In part, the ever rising price of shares is a consequence of savers having nowhere else (“safe”) to go.  The mass of zombie firms and households that make up an increasing part of the real economy renders traditional forms of investment in industry too risky for most.  Only those with cash to spare or those (like pension and insurance funds) whose business model is based on the kind of returns last seen in the mid-1990s will gamble on so-called “junk bonds” such as those issued by unsustainable US fracking companies.  You might… just… be fortunate enough to invest in some new technology that genuinely becomes profitable.  But it is more likely that you’re going to lose your shirt.

Behind this, though, is a more deflationary practice.  A large part of the rise in share prices since 2008 has been the result of corporate share buy-backs.  When this occurs, those shares simply evaporate into the ether, so that there are ever fewer shares in circulation.  But institutional investors such as pension funds are required to hold a sizable part of their funds in supposedly safe assets such as US Dow Jones and Nasdaq or UK FTSE-100 listed companies.  And with fewer shares to go around, this drives stock prices ever higher in the same way as oil shortages inflate the price of goods and services.

Something else is going on here too.  Remember how commercial banks create currency out of thin air when they issue loans?  Well when currency meets debt it is the financial equivalent of matter meeting anti-matter – the two cancel each other out.  And while a share might be considered an asset to you and me, it is a form of debt to a corporation.  And so it was in their interest to borrow the QE currency and use it to buy back shares from investors as fast as the central banks could spirit it into existence.  And while this might have been inflationary if investors used the income from the sale of shares to spend on goods and services, for the most part they, too, used it to pay down debt or to invest in alternative non-productive assets.

Meanwhile, back in the real world inflation has stalled for a related reason.  Currency printing – whether by states or commercial banks – does not, in and of itself, generate inflation.  Suppose, as a thought experiment, the government deposited £1 million into your bank account.  Wouldn’t that be fantastic?!  Now imagine that there was a clause in the small print which prevented you from withdrawing or spending more than £1 thousand in any year.  Not quite so fantastic now is it?  The point is that inflation depends not only on the total amount of currency in existence, but also on the rate – or “velocity” at which it is spent.  And here’s the problem, while both the supply of currency – the main means by which central banks have been trying to generate inflation since 2008 – and GDP have been trending upward for decades, and while 2020 has seen a massive expansion of the currency supply, the velocity of currencies continues to fall:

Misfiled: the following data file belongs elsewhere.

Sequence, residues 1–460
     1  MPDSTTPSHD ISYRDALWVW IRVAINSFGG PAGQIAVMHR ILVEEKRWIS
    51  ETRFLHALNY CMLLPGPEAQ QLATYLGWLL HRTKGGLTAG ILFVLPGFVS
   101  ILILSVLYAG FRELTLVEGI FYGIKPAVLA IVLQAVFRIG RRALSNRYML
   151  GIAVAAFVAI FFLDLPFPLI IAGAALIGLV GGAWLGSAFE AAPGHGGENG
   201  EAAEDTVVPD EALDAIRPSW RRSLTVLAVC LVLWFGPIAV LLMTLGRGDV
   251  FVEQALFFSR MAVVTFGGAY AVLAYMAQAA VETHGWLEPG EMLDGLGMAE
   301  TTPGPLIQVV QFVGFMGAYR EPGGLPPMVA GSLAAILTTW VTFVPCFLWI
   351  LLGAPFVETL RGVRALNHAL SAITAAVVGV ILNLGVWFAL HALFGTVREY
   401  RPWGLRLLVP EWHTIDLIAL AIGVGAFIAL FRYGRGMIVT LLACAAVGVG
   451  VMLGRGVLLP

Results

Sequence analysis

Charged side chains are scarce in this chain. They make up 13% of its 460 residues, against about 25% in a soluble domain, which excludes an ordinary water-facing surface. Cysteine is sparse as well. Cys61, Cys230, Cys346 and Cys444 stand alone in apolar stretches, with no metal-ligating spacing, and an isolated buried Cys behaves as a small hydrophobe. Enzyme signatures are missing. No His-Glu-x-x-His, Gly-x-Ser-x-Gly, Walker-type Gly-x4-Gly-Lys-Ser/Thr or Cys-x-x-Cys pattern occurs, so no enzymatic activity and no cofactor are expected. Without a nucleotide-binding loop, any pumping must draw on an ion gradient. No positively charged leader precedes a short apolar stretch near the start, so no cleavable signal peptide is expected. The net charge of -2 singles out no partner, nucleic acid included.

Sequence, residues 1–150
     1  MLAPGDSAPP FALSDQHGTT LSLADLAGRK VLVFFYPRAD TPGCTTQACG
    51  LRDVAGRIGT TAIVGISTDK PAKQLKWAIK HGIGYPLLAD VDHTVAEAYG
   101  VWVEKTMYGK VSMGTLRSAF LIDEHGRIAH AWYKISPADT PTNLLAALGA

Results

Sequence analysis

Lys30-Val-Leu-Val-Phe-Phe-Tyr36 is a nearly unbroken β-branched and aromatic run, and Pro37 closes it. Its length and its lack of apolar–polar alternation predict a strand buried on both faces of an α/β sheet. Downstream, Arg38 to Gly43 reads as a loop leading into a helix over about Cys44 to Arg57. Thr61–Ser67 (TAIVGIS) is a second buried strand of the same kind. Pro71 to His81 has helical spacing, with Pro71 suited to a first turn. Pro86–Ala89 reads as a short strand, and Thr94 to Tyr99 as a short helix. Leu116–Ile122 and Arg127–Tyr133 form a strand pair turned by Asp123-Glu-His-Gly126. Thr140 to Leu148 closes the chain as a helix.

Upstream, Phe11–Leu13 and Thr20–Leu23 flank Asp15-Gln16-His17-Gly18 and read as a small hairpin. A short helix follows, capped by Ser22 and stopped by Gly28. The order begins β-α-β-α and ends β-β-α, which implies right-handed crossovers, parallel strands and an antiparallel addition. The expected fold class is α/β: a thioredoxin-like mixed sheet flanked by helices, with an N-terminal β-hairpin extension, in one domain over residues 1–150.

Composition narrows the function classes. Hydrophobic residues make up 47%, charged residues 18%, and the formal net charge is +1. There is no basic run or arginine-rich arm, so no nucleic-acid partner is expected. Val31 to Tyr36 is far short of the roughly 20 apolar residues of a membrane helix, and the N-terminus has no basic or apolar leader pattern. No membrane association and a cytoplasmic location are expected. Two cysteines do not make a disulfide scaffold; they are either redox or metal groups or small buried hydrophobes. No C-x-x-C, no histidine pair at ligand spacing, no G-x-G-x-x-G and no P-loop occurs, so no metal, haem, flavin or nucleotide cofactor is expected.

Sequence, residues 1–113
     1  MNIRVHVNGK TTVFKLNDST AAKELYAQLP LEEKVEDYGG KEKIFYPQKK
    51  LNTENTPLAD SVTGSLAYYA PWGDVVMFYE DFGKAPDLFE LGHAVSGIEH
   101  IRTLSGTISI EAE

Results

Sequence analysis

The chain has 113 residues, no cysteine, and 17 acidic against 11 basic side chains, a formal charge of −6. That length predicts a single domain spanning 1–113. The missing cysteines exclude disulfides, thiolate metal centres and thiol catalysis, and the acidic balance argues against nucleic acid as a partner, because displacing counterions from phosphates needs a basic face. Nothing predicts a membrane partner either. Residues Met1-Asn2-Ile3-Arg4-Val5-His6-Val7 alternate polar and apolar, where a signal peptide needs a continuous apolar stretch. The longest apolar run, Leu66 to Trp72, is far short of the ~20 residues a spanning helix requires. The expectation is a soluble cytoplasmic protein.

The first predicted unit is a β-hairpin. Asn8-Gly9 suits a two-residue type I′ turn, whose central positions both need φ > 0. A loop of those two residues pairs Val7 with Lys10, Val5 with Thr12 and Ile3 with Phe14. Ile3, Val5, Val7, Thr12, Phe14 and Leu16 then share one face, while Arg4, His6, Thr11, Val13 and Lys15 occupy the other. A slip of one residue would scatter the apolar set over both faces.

As a post on the This Time it is different site just prior to the Covid emergency explains:

“Money velocity in the United Kingdom is currently less than 1 which means that money being printed (even notionally) isn’t even circulating once…

“Given that money velocity is so low now implies

  1. Consumer and business confidence for spending isn’t particularly high.
  2. Consumers and businesses aren’t borrowing too much money either.
  3. There is ample (probably excessive) liquidity in the system.”

From a purely financial point of view, the reason for this is difficult to explain.  If there is “ample liquidity in the system,” why wouldn’t people spend it?  One reason is that the inequalities discussed above mean that the excess liquidity is in the hands of those with the lowest propensity to spend.  A handful of godzillionaires have seen their personal fortunes spiral up into the stratosphere even as thousands at the bottom are forced to turn to foodbanks to feed their families.  But individuals such as Amazon’s owner, Jeff Bezos, are unlikely to spend any of this additional income; and may even view it as a burden as they (or at least their investment portfolio managers) search desperately for somewhere safe to put it.

This, though, is not the only reason for the falling velocity of currencies.  Back down on planet Earth where the rest of us live, people have a hierarchy of spending commitments.  Sure, some spendthrift types will put alcohol, drugs and gambling ahead of putting food on the table.  But for the overwhelming majority, there is a heirarchy of essential payments that have to be made before any leisure or luxury spending can be made, including: